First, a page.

African Americans are more likely than other races to die from breast, prostate and ovarian cancers, but this disparity is not due to poverty or inferior healthcare, a first-of-its-kind study has found.
Researchers followed more than 19,000 patients who were enrolled in cancer clinical trials conducted by the Southwest Oncology Group, a National Cancer Institute-funded clinical trials national cooperative. Patients of all races received the same advanced treatments by the same doctors.
"It was a level playing field for everyone, with the same quality care," said lead author Dr. Kathy Albain. "So our findings cast doubt on a prevailing theory that African Americans have lower cancer survival rates because of poverty, poor access to quality care or other socioeconomic factors." Albain is a breast and lung cancer specialist at Loyola University Health System's Cardinal Bernardin Cancer Center.
If poverty or other socioeconomic factors were to blame, then the survival gap should exist for all cancers. But the study, published in the Journal of the National Cancer Institute, found there was no statistically significant association between race and survival for lung and colon cancers, leukemia, lymphoma or myeloma.
"The good news for African Americans is that for most common cancers, they have the same survival rates as all other races," Albain said.
The cancers that did show survival gaps -- breast, prostate and ovarian -- are gender-related. The findings therefore suggest that the survival gap is due to a complex interaction of biologic factors in the tumor and inherited variations in common genes that control metabolism of drugs and hormones, Albain said. People with different patterns of these genes metabolize cancer drugs and their own hormones differently, and experience different side effects.
"We are actively conducting new research based on these findings to explore interactions among tumor biology, treatment, sex, race, inherited genes and survival," Albain said.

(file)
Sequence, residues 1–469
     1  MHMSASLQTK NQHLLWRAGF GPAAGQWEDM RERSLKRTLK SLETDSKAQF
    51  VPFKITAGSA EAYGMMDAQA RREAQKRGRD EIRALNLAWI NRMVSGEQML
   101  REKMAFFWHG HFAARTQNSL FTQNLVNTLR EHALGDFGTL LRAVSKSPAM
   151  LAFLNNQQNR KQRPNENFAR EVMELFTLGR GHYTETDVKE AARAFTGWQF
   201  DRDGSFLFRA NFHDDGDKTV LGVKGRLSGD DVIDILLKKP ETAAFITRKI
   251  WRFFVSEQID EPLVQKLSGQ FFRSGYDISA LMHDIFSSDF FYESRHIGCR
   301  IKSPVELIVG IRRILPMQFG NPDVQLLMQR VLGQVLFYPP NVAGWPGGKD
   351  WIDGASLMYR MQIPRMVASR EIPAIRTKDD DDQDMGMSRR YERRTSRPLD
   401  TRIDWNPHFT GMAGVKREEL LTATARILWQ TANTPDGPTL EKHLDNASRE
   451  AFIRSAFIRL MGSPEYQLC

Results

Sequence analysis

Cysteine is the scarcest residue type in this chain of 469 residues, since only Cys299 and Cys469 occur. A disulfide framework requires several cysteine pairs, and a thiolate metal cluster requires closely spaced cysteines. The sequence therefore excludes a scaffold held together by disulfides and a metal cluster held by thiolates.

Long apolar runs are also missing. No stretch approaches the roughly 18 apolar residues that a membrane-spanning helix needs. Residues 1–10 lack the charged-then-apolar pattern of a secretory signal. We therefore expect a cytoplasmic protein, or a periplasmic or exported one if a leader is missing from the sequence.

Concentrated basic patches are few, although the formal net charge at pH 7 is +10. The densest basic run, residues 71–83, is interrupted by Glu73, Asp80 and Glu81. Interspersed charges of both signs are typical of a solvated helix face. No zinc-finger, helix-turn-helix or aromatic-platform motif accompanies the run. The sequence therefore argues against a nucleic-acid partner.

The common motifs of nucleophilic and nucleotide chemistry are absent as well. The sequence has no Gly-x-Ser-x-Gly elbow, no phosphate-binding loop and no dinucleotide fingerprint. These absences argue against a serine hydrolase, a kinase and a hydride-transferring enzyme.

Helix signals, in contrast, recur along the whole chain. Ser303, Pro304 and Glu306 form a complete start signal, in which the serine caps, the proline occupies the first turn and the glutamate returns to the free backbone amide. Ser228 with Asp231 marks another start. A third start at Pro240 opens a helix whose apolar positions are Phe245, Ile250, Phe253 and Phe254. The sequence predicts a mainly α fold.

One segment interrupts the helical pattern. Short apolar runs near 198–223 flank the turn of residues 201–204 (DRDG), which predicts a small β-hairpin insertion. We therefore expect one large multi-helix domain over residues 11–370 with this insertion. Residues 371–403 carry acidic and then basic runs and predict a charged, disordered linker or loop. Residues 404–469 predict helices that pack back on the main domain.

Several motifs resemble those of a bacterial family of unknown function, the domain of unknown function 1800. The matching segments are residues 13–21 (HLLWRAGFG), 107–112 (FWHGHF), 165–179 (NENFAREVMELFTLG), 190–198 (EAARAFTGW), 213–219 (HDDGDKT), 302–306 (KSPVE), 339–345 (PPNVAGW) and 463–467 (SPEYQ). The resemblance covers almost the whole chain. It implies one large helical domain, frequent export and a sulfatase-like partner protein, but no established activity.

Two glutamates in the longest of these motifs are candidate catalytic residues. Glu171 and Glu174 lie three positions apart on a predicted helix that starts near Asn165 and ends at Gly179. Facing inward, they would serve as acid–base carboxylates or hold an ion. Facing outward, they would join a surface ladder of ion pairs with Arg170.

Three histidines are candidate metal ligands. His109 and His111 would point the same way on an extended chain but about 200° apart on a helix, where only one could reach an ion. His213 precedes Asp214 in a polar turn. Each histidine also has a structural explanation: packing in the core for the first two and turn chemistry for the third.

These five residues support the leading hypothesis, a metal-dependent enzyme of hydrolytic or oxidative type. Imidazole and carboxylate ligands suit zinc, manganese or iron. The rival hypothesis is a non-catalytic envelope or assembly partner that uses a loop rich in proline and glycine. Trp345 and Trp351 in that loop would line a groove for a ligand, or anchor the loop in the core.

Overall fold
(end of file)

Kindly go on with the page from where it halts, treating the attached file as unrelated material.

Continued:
Dr. Patrick Stiff, director of the Cardinal Bernardin Cancer Center, said: "This groundbreaking study will provide investigators with a road map for future research that will improve outcomes of patients of all races and socioeconomic status."
Researchers identified 19,457 adult cancer patients enrolled in 35 Southwest Oncology Group clinical trials who were followed for at least 10 years after treatment. Twelve percent of the patients were African American. During the course of the study, African Americans were 49 percent more likely than other races to die from early-stage, postmenopausal breast cancer; 41 percent more likely to die from early stage, premenopausal breast cancer; 61 percent more likely to die from advanced-stage ovarian cancer and 21 percent more likely to die from advanced-stage prostate cancer.
Albain is a professor in the Department of Medicine, Division of Hematology/Oncology, Loyola University Chicago Stritch School of Medicine. Her co-authors are Joseph Unger and John Crowley of the Southwest Oncology Group Statistical Center, Dr.Charles Coltman of the University of Texas Health Science Center and Dr. Dawn Hershman of Columbia University College of Physicians and Surgeons.
The study was funded by the National Cancer Institute.
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